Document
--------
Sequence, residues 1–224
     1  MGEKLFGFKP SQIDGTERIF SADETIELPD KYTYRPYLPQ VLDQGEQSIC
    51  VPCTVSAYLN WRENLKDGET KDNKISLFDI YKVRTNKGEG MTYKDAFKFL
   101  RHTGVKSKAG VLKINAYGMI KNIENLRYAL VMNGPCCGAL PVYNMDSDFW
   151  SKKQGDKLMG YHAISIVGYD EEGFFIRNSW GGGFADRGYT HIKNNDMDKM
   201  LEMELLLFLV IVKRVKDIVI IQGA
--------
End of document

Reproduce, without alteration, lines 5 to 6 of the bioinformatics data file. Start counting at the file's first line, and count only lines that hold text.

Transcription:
   151  SKKQGDKLMG YHAISIVGYD EEGFFIRNSW GGGFADRGYT HIKNNDMDKM
   201  LEMELLLFLV IVKRVKDIVI IQGA